She was taken completely by surprise at commissioners court Monday when Orange County Judge Carl Thibodeaux proclaimed Thursday, Oct. 27 as “Pearl Burgess-Stanfield Day.”

“I’ve written proclamations and we’ve passed them for the last 17 years,” said Thibodeaux. “This is one of the most interesting stories I have read. When I read this proclamation you’ll realize the historical value of Mrs. Burgess and the historical value to Orange County of her family.”

Burgess’ family fills the pages of Dr. Howard Williams’ book, “Gateway to Texas.” Pearl’s copy has bookmarks scattered throughout the volume indicating her family’s mark on Orange History.

Born at home in Brunner on Oct. 27, 1920, Stanfield was one of six children born to Oscar Olivia (Poole) Myers and Henry Carlyle Myers.

Her family tree has been traced back to Europe and also includes Osage Indians native to America. “Some of my family met the Mayflower,” she said in an earlier article on her life. “I am proud of my heritage.”

A true tomboy, Burgess loved to hunt, shoot marbles and could “split a top” as well as any of the boys, if not better.

Both of Burgess’ grandfathers were Orange County judges and so was her great-uncle.
Not all of her family history is glorious. Her grandfather, was shot and killed in a dispute with another meat market owner in the infamous “Meat War.”

Myers was not the only member of Stanfield’s family to die by the gun. The legend of the Poole brothers reads like a western “shoot ‘em up.” Three brothers, all shot to death in unrelated instances and different times.

In 1936, Burgess’ cousin, Ed O’Riley, the chief of police was gunned down by a Baptist preacher named Edgar Eskridge.

“I don’t know why my preacher is always saying, ‘Pearl, behave yourself,’” she said laughing Monday.

Pearl married Billy Burgess in 1938. Together they raised three daughters, Juanita, Billie and Beverly. Billy passed away in March 1997.

She later married J.D. Stanfield. After nine years, he died on Nov. 15, 2008.

Pearl spends her days visiting the sick in nursing homes and does church work. She continues to drive and maintains her own home and yard at the ripe young age of 93.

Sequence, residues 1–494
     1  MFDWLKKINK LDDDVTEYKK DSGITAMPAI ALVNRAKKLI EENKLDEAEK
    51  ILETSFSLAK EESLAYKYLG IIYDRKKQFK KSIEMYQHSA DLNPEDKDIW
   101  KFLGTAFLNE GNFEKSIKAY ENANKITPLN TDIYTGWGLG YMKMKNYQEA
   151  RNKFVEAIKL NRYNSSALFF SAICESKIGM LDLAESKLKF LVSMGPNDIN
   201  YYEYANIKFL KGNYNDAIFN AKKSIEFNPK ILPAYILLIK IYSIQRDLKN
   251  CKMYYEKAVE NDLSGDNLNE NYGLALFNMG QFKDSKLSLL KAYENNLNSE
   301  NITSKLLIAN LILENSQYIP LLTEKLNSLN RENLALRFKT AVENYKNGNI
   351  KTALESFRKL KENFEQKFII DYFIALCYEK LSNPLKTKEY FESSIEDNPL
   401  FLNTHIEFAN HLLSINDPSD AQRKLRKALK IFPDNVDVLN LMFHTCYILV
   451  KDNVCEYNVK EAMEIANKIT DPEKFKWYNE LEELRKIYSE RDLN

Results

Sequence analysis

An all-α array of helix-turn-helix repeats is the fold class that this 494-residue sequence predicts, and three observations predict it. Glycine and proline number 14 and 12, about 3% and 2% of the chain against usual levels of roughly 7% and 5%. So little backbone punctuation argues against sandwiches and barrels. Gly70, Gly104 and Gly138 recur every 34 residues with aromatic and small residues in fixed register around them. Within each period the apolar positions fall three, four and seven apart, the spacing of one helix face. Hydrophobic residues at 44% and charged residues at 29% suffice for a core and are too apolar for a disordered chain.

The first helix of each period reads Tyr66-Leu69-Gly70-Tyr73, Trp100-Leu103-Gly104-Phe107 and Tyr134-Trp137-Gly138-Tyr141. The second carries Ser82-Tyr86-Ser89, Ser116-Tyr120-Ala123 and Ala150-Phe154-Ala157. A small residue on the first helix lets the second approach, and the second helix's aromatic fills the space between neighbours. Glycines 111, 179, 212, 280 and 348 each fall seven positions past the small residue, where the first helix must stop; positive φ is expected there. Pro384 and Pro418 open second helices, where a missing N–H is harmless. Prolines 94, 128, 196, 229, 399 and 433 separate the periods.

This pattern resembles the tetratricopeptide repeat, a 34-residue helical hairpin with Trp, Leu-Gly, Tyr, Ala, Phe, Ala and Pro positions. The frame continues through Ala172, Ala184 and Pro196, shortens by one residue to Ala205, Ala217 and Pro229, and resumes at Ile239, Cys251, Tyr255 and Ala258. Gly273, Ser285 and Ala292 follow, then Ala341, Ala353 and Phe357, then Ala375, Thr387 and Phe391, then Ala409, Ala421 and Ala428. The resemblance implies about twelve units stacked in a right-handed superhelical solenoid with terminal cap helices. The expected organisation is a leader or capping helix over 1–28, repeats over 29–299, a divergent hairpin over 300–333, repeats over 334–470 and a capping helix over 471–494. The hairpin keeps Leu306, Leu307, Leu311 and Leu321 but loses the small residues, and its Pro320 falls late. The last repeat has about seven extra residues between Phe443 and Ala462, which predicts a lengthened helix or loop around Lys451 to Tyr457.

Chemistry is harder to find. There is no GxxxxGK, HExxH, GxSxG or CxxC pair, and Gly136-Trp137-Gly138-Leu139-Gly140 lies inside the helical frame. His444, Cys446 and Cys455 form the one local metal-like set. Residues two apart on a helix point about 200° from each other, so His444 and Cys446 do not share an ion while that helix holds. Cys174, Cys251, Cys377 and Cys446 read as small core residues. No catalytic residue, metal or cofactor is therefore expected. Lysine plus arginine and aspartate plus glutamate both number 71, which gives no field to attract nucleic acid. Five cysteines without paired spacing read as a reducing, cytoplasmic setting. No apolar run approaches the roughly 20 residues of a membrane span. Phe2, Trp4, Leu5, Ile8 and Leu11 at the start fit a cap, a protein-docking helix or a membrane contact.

“Like most families we were not perfect, but the legacy I want to leave my children and grandchildren is to remember the Lord. Walk in his way and accept the Bible verse John 3:16 God so loved the world that he gave his only begotten Son and those that will accept Him will have eternal life.”

“I want to say amen after that.” Said Precinct 3 Commissioner John Dubose.

Burgess said her daughter Beverly jokingly told her she was bringing her to court to commit her. She said her preacher was there to make sure she was committed.

“This is a great surprise to me,” said Burgess. “I have two grandfathers up there on the wall, their pictures, they were judges. I really appreciate this, it makes me feel humble in front of ya’ll. Thank you very, very much.”

“When I read your story, that was the most interesting thing I had read in a long time.

Especially the gun fight,” said Thibodeaux. “I know you don’t like to talk about that, but that was interesting. Maybe you want to tell the court about those gunfights.”

“Well I gave up my last gun the other day,” said Burgess. “My last gun was a BB gun and it’s for my great-grandson.”

“So your going to go the straight and narrow now?” asked Thibodeaux.

“The court can rest easy now,” said John Dubose.

Thibodeaux said, “Mrs. Burgess, now that your leaving, we’re gonna let the deputy sheriff go home now.”

“He better follow her,” said one of the audience members as they laughed.

“Like I just said, I left my guns at home,” said Burgess laughingly, as she left the courtroom.

About Penny LeLeux

Penny has worked at The Record Newspapers since 2006. A member of the editorial staff, she has "done everything but print it." Most frequently she writes entertainment reviews and human interest stories, with a little paranormal thrown in from time to time.She has been a lifelong member of the Orangefield community.